Gracie Gold

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Gracie Gold
2015 Grand Prix of Figure Skating Final Gracie Gold IMG 8672.JPG
Personal information
Full nameGrace Elizabeth Gold[1]
Country representedUnited States
Born (1995-08-17) August 17, 1995 (age 26)
Newton, Massachusetts
Home townSpringfield, Illinois[2][3]
Height1.65 m (5 ft 5 in)[4]
CoachPavel Filchenkov, Irina Yakovleva
Former coachVincent Restencourt, Marina Zoueva, Oleg Epstein, Frank Carroll, Alexander Ouriashev, Toni Hickey, Susan Liss, Amy Vorhaben, Alexia Griffin
ChoreographerJeremy Abbott
Former choreographerMarina Zoueva, Lori Nichol, Pasquale Camerlengo, Scott Brown, Oleg Epstein
Skating clubIceWorks SSC
Former skating clubWagon Wheel FSC
Training locationsAston, Pennsylvania
Former training locationsCanton, Michigan, El Segundo, California
Crystal Lake, Illinois
Springfield, Illinois
Springfield, Missouri[5]
Began skating2003
World standing27 (2017–18)
10 (2016–17)
6 (2015–16)
6 (2014–15)
7 (2013–14)
18 (2012–13)
67 (2011–12)
ISU personal best scores
Combined total211.29
2016 Worlds
Short program76.43
2016 Worlds
Free skate137.41
2015 Skate America

Grace Elizabeth Gold (born August 17, 1995), known as Gracie Gold,[6] is an American figure skater. She is a 2014 Olympic team event bronze medalist, the 2014 NHK Trophy champion, the 2015 Trophée Éric Bompard champion, and a two-time U.S. national champion (2014, 2016). She is also a two-time World Team Trophy champion (2013, 2015).

On the junior level, she is the 2012 World Junior silver medalist, the 2011 JGP Estonia champion, and the 2012 U.S. junior national champion.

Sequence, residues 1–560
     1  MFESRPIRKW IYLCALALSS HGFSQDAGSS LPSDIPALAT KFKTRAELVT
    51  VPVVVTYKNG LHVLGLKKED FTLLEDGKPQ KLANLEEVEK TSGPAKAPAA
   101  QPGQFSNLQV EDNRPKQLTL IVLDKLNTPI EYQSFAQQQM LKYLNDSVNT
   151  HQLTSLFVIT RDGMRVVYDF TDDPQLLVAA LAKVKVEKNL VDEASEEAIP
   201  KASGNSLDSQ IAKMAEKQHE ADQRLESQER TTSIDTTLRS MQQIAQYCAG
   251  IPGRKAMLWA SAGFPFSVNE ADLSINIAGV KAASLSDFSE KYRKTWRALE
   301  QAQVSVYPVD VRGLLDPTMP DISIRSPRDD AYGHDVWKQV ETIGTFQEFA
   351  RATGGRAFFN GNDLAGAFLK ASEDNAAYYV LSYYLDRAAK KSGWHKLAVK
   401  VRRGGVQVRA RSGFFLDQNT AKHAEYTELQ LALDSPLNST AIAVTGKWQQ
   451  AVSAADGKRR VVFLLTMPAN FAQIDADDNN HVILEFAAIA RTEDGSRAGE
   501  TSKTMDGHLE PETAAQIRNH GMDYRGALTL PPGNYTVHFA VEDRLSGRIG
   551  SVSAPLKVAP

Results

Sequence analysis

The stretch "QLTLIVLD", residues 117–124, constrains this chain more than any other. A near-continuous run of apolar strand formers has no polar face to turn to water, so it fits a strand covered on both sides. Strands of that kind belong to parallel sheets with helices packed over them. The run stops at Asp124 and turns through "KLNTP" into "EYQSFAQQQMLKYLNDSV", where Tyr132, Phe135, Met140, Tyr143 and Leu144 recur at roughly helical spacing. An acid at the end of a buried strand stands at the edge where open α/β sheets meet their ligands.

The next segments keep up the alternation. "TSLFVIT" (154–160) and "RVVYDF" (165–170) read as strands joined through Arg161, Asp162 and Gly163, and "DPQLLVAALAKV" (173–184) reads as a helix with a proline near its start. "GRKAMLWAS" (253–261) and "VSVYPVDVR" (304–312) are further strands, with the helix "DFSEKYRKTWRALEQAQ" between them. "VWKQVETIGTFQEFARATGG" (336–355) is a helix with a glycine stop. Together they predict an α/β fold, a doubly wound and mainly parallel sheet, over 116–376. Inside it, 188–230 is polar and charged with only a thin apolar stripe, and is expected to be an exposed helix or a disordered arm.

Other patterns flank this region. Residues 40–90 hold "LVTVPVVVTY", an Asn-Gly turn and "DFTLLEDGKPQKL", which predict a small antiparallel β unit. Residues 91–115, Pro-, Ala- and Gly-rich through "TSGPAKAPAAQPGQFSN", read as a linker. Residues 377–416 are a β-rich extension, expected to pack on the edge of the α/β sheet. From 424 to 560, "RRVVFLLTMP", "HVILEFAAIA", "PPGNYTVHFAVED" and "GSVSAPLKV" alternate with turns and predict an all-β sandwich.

Gold is the first and only American woman to win an NHK Trophy title. She also holds the record for the highest short program score ever recorded by an American woman: 76.43, scored in the 2016 World Championships.

Personal life[edit]

Grace Elizabeth Gold was born on August 17, 1995 in Newton, Massachusetts.[7] She is the daughter of Denise, an ER nurse, and Carl Gold, an anesthesiologist.[8][9] Her fraternal twin sister, Carly Gold (named after their father), is younger by 40 minutes and also competed in figure skating.[10][11]

Gold was raised in Springfield, Missouri, before moving to Springfield, Illinois.[8] She has also stated that she has lived in Corpus Christi, Texas.[12] She attended ninth grade at Glenwood Senior High School in Chatham, Illinois, before switching to online education through the University of Missouri.[9][13] She has taken ballet lessons to improve her performance.[14]

Gold has been open about her mental health struggles, including her treatment for anxiety, depression, and an eating disorder.[15][16] She discussed having suicidal thoughts after moving alone to Michigan in 2017 and isolating herself in her apartment.[17] Teammate Ashley Wagner first prompted U.S. Figure Skating officials to seek treatment for Gold in 2016, but Gold did not accept their help until "snapping" in front of judges at the same USFSA event in 2017.[17] Since returning to skating, she has redefined her goals and aimed to find a healthier approach to the sport.[18][19] Upon reflecting on her journey, Gold told reporters in December 2019: "Yes, things could be better, but look how far I’ve come."[18]